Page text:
At some point Fuji is going to disappoint me. They’ll have to let me down, I just know they will. Everything follows this basic, unforgiving law of averages right? But at the risk of coming off as some sort of fanboi, that day hasn’t come and I’m again forced to swoon over an upcoming X-series product: the Fujinon XF 55–200mm F3.5–4.8 R LM OIS. This lens isn’t out yet but Fujifilm Canada sent me a pre-production unit to test — with all the caveats this involves. A telephoto is the one thing I’ve been missing most on this system so I was eager to try it out. I had to install a new firmware version in order for the camera to recognize it but everything went without a hitch. I was warned by Billy (Luong, of the Fuji Guys) that there were still improvements being made (the zoom itself is way too stiff but this won’t be in the final version), and Tokyo has put an embargo on any full size images until everything has been ironed out. But I’ll tell you this: if this is the level of image quality in the pre-production unit… Man, we’re in for a serious treat. The contrast, sharpness and highlight rendition is right up there with the 35mm f/1.4. My initial feeling is that it even surpasses it. The OIS feels like a Steady-Cam; Manual focussing follows in the footsteps of the 14mm and 18–55mm and keeps me eating my own words about fly by wire. And when mounted on my X-Pro1 the entire kit feels like it’s at least half the weight of my old Nikon 70–200 2.8 on its own. I can’t wait to shoot portraits with this lens but for now, a few images from my backyard (moments after the lens got here and a few after dinner) just to give you an idea of what it looks like wide open — which of course will vary based on focal length. Make sure you hover over the lightbox images to get the exif data. One more detail: minimum focussing distance seems to be a little over 3 feet, a bit more on the long end. Enabling macro mode on the camera doesn’t seem to do anything.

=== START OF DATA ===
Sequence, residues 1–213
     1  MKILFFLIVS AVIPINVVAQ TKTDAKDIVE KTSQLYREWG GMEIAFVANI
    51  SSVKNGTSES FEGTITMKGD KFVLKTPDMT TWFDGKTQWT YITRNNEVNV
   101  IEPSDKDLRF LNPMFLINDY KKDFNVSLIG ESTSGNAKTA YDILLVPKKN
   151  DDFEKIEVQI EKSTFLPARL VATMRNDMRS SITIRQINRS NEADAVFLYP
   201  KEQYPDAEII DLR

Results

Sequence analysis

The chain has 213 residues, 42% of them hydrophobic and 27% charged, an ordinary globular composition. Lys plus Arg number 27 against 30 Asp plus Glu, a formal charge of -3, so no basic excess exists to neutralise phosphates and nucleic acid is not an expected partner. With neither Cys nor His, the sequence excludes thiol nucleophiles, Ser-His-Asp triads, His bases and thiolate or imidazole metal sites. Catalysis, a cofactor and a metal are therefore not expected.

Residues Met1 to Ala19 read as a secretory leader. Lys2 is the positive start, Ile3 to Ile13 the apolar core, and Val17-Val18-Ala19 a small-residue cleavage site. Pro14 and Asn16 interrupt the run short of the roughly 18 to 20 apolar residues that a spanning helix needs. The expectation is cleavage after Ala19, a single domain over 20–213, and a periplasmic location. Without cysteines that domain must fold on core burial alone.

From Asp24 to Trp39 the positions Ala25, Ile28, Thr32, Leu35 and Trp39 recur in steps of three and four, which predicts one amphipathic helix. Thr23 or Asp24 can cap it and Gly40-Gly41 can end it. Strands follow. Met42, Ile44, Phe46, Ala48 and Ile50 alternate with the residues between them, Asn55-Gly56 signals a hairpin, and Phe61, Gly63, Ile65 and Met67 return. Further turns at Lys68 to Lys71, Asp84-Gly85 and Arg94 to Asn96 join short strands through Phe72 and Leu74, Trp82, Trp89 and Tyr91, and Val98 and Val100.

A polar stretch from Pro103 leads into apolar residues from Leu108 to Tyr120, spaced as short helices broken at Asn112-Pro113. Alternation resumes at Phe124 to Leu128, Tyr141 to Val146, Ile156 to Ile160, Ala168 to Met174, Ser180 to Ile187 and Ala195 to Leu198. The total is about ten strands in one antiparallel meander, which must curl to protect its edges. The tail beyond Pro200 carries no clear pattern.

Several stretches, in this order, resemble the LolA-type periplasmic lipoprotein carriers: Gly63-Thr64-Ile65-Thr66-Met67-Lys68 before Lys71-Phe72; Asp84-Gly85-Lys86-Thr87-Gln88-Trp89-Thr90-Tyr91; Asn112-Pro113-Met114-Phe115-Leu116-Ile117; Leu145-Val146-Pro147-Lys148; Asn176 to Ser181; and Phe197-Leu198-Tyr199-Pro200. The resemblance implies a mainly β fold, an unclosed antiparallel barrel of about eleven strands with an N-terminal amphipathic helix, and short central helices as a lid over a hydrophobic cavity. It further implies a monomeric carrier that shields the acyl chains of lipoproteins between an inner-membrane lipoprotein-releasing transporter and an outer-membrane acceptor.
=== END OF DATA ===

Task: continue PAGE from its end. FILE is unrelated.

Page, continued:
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I’ll put my cards on the table right away: I’ve developed a slightly tumultuous relationship with zooms. They’re very useful tools but I’ve come to realize they also tend to drive me into what I’d call visual laziness. When I decided to jump to the X system as my one and only kit, I also embraced the fact that I’d be shooting with nothing but primes. In fact much of that decision was coloured by my experience with the X100’s fixed focal length and the way it affected my shooting reflexes. Not that this was anything new: I used Nikon primes as well. But committing to a single focal length for extended periods of time wasn’t something I’d really done before. When I shoot a prime I need to move — Obviously; I need to walk in order to alter my distance to the subject; and while I walk my brain works, and when my brain works it notices its surroundings and finds details or angles I often would’ve overlooked otherwise. But with a zoom… No matter how much I try, it’s always much too easy to fall back to those old reflexes. Twist in, twist out. Maybe if we stopped calling them zooms in the first place. That word doesn’t do justice to what’s going on optically. Maybe instead we could describe them as multi-focal lenses. There’s definitely something pretty fantastic about having the equivalent of 8 primes on a single lens… IF you use it as such. IF you understand how to use each individual focal length in the right context, and how each one changes the entire aspect of an image way beyond making things look nearer or closer. Compression, distortion, spatial perception. Of course you can also use it to get a closer shot of that mountain way out there; but perhaps if you actually GO to the mountain, something amazing will happen along the way. Right, so where was I? Ah yes: no zooms for me. Huh…